The holidays are the most wonderful time of the year—unless you get sick. Fortunately, there are ways to protect your immune system and prevent sickness from derailing your holiday travel plans. Here are seven tips for staying healthy throughout the holiday travel season.
When you go to a new doctor for the first time, one of the first tasks they give you is to fill out a form indicating the health history of your immediate family members.
You may think it’s odd and be hesitant to divulge your family’s history to others. In reality it is one of the best pieces of information that your doctor will have in treating you for years to come.
The Centers for Disease Control and Prevention (CDC) defines a full and complete family health history as three generations worth of information from your immediate family members.
Necessary information includes any medical conditions, causes of death and age of death among other items. If possible, this information should be collected from as many immediate family members as possible, including parents, siblings, aunts, uncles, grandparents and cousins.
The usefulness of a complete family health history stems from the fact that families share the same genes, lifestyles and environments. This can help your doctor to identify any conditions that might run in the family and be caused by a shared source.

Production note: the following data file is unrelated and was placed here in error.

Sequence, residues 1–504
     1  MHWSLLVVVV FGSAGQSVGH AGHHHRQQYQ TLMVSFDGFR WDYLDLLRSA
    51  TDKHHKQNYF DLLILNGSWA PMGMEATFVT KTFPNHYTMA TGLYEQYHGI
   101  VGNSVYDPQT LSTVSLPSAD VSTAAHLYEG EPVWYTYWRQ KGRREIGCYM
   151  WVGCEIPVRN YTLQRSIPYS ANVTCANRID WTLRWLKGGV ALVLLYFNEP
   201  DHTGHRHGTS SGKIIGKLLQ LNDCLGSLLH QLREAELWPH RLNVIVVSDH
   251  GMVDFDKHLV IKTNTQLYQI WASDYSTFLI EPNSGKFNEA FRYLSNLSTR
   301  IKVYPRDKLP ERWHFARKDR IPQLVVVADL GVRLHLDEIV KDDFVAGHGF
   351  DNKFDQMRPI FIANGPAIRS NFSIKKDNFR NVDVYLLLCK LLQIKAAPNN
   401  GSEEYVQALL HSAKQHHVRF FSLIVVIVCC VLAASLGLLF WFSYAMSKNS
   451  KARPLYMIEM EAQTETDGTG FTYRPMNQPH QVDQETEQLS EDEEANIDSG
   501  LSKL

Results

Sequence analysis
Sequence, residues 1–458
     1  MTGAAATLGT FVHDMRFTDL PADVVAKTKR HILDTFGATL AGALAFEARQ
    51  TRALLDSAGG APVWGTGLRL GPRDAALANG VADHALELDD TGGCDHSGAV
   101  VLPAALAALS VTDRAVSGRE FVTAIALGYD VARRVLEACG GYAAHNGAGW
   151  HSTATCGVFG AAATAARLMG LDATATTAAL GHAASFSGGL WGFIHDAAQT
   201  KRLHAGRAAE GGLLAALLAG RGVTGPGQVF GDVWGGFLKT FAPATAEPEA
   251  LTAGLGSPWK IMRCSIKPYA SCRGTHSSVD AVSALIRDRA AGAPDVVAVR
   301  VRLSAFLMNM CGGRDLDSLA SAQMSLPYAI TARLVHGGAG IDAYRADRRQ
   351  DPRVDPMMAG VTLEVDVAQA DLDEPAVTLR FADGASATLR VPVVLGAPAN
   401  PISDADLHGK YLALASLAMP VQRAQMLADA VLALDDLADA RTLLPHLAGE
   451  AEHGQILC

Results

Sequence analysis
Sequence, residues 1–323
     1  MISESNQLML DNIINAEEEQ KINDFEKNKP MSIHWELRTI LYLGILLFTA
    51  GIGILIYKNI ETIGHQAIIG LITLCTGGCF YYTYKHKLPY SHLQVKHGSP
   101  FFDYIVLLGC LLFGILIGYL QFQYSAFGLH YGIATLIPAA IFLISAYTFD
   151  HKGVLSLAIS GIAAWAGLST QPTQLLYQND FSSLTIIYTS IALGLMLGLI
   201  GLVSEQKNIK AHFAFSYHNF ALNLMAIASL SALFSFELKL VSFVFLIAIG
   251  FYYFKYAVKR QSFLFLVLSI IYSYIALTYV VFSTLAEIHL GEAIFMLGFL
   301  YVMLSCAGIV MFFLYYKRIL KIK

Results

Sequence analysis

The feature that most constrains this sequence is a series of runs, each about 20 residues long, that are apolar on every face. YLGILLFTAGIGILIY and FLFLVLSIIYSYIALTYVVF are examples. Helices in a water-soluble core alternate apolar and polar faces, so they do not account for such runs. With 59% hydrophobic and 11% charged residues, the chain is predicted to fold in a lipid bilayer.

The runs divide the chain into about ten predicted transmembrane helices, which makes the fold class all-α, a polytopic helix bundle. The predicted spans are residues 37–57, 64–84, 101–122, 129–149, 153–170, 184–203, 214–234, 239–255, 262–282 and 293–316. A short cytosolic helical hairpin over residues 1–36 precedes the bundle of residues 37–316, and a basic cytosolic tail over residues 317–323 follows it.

Some of the more common conditions that can run in families include heart disease, high blood pressure and strokes. Most families have at least one chronic disease that’s common between multiple family members.
If you’re at risk of developing rarer hereditary conditions such as cystic fibrosis or sickle cell disease, you can be monitored proactively if your doctor finds a history of it in your family.
A great time to start developing your personal family health history is at family gatherings, where you can collect information from multiple relatives at the same time. One technique is to write down on a piece of paper the information that you need to attain from each member of the family and then have them fill it out themselves. Always be sure to respect your relative’s right to privacy by not sharing their information with anyone except your doctor.
This approach allows for your relative to provide you with their history to be used by your doctor without having to discuss intimate details with them. It’s important to know that even a partial history is better for your doctor to have than none at all. If you can only get information from your mom and dad, do exactly that. Regardless of if the history is complete or not, it will help your doctor know what to look for and what screenings may be appropriate for you to have.
You can’t change your family’s health history, but by being aware of it, you can work to prevent any diseases that run in your family tree.